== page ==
MILFORD -- His childhood friend dying in their school corridor, Christopher Plaskon dropped the knife and calmly walked to the principal's office at Jonathan Law High School, the police report released Tuesday states.

"I did it. Just arrest me," he told the school's resource officer.

Police said Plaskon confessed to stabbing 16-year-old Maren Sanchez to death at the school, and he now will stand trial as an adult.

Plaskon, 16, who classmates have said killed Sanchez on Friday because she wouldn't go to the junior prom with him, was arraigned on murder charges at a local medical facility.

The details of the killing were released as students returned to school Tuesday for the first time since the stabbing.

"Chris remains in the custody of the Department of Correction in the locked hospital psychiatric ward," his lawyer, Richard Meehan, said. "The name of the institution is being withheld, not only for his privacy but also that of the hospital staff and other patients."

Superior Court Judge Frank lannotti, who went to Plaskon's room at the facility with State's Attorney Kevin Lawlor, Meehan and a state court reporter, advised Plaskon of his constitutional rights, then made a finding there was probable cause for his arrest. He then ordered Plaskon held on $3 million bail.

According to the Milford Police Department's probable cause statement, about 7:10 a.m. on Friday, Officer James Kiely, the high school's resource officer, was called to the principal's office, where he saw Plaskon with bloody hands and clothing. The report states that Kiely, who knows Plaskon, asked him what happened and the boy confessed. Kiely handcuffed Plaskon, then went to the crime location in the hallway where he saw Sanchez was in grave condition.

The report says a teacher saw Plaskon on top of Sanchez during the attack and unsuccessfully tried to pull him off her. Another witness pointed out the bloody knife to officers where Plaskon dropped it, a short distance down the hallway.

The judge ordered Plaskon placed on a suicide watch and noted that he be allowed to take medication prescribed for him.

Plaskon is due in court in Milford on Friday morning. At that time he is not expected to enter a plea. Instead, the judge will set a date for a probable cause hearing.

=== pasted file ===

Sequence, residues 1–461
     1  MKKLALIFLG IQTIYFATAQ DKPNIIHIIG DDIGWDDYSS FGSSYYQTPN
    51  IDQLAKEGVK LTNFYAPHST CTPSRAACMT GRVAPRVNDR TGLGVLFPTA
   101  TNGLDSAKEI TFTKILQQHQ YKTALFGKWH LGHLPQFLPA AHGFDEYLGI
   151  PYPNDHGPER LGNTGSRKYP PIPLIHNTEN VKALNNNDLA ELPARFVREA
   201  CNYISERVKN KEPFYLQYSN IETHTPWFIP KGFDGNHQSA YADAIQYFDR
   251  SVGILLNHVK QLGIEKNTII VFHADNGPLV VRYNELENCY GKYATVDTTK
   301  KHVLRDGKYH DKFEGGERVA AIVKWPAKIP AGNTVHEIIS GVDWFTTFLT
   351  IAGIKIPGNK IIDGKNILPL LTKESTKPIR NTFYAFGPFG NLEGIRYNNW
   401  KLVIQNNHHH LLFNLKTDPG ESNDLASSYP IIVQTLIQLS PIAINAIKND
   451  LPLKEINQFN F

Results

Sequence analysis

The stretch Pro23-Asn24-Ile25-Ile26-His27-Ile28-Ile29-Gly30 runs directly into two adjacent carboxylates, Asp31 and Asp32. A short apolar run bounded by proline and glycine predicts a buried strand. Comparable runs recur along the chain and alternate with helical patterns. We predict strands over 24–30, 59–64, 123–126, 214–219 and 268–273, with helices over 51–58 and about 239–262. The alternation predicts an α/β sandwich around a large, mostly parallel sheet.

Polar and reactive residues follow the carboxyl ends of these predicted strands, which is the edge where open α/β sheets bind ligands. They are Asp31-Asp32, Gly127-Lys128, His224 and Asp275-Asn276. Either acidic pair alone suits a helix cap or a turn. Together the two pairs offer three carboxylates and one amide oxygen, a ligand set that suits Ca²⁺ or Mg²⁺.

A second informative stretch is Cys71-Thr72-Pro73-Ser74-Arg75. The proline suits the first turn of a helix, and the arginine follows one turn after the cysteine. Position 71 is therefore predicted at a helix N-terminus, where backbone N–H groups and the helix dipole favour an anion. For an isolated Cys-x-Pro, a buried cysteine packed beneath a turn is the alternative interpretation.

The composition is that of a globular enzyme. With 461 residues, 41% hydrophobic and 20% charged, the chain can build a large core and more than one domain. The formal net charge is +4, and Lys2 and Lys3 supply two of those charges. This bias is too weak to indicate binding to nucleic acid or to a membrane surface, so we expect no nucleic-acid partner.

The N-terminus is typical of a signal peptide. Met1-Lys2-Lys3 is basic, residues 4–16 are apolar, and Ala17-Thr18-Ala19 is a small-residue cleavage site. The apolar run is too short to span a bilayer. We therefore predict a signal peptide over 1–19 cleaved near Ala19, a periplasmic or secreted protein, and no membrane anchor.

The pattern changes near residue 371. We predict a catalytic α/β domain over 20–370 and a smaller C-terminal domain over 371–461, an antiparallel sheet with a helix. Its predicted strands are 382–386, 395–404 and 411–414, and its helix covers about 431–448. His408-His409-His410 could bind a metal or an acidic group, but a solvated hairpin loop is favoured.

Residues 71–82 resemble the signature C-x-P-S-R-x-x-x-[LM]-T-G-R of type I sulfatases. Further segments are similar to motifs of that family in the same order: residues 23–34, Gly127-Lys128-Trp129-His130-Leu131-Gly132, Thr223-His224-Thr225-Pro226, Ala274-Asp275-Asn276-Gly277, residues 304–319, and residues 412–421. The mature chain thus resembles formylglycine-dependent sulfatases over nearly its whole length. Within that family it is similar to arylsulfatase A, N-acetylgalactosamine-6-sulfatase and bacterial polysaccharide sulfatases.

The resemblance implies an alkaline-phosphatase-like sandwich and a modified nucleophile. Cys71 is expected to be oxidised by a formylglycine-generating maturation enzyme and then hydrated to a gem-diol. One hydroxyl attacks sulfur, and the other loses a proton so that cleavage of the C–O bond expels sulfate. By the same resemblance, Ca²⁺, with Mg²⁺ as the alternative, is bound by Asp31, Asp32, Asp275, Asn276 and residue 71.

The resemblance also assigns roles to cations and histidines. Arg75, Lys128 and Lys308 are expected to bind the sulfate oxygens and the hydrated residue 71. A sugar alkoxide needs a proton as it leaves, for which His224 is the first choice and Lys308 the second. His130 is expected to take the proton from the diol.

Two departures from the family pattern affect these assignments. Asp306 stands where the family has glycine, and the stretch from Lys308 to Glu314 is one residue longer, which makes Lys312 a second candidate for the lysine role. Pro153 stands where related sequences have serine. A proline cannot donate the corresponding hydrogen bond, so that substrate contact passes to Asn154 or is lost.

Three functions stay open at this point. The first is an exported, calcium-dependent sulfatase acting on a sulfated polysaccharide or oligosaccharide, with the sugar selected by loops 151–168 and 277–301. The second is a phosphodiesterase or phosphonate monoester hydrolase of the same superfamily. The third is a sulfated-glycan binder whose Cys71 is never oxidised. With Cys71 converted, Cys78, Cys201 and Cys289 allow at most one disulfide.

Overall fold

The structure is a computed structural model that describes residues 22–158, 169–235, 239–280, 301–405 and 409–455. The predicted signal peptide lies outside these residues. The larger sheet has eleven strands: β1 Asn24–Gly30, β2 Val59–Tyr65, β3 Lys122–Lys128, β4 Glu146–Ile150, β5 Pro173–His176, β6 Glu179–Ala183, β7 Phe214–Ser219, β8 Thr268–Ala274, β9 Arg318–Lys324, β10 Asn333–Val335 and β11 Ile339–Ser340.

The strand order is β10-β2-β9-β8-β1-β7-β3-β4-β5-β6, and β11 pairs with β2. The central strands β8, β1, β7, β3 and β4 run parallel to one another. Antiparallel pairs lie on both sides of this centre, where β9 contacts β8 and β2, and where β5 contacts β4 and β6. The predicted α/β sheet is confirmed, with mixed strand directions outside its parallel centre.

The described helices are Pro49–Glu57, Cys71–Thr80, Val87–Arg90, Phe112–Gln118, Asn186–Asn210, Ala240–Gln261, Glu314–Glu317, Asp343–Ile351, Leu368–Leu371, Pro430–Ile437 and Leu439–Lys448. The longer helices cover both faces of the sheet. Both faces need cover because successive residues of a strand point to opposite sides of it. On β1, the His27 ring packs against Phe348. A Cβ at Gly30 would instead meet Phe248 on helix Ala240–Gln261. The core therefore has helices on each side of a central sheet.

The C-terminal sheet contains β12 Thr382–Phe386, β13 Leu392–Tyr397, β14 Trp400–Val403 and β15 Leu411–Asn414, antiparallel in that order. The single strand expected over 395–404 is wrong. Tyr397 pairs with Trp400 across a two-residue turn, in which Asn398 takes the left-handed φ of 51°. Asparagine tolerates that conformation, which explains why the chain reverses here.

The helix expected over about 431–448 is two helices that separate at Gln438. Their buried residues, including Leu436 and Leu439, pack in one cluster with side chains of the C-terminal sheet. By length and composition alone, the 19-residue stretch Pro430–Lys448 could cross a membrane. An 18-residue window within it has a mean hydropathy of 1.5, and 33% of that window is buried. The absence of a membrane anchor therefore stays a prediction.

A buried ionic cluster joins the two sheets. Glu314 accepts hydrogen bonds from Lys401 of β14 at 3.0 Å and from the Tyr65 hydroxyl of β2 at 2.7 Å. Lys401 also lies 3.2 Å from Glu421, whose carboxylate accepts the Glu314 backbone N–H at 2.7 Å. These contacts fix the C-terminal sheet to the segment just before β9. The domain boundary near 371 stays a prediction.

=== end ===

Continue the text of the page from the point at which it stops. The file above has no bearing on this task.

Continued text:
So much purple

As students at Law headed back to class on Tuesday, still shaken by the events of Friday morning, they were surrounded by therapy dogs, grief counselors, police officers, firefighters and scores of city officials.

They had no shortage of reminders of the tragedy when they arrived at school. Media trucks packed the side streets adjacent to the Law High. Most of the students wore purple, and purple ribbons and balloons seemed to be everywhere, too.

"So much purple," tweeted a student.

"We had a great showing of support by many, many members of the community throughout the school day," said Mayor Benjamin Blake, who was in the school throughout much of the morning. "It was as normal a start to the school day, at least from my estimation, as they could have had. But they are still shaken. The entire city is still shaken."

Blake said that the canines at Law High were there to soften the shock.

"There were therapy dogs, and their handlers, in force," Blake said. "We also had members of our human services agencies there, too."

Principal Fran Thompson set in place a full eight-period schedule so the students would be in contact with most of their teachers. Also, the junior class, the class of the victim, met together for Period 8 on Tuesday.

Thompson told the students they would have to rely in one another to get through these next few days.

"The teachers will need you, and you will need them," he said. "We all feel sad and angry and guilty and confused, and that's OK," he said.

There was one sign of normalcy: Lunch selections were a turkey, ham, and cheese panini or a pizza bar with a choice of salad.

But it will be a long time before things are really normal again.

Calling hours for Sanchez will take place Thursday from 2 to 7 p.m., at the Cody-White Funeral Home, 107 Broad St. A shuttle service will be available beginning at 4 p.m. from the Parsons Complex about four blocks away. There will be no services.

On Monday, friends of Sanchez asked that students wear their prom dresses and tuxedos to her calling hours Thursday, according to a Twitter feed from the Jonathan Law High School newspaper, The Advocate.

Law students, their families and staff members were invited to a free showing at 6:30 p.m. of the movie "Heaven Is For Real" at the Connecticut Post Mall movie theater.

City Hall announced that because of the tragedy, the Mayor's Youth Award Ceremony, scheduled for Thursday, has been postponed. A new date will be announced in the near future, officials said.

A memorial fund has been established in the victim's name: the Maren Sanchez Memorial Fund, c/o Atty. Mike McCabe, 23 Sunnyside Court, Milford, CT 06460.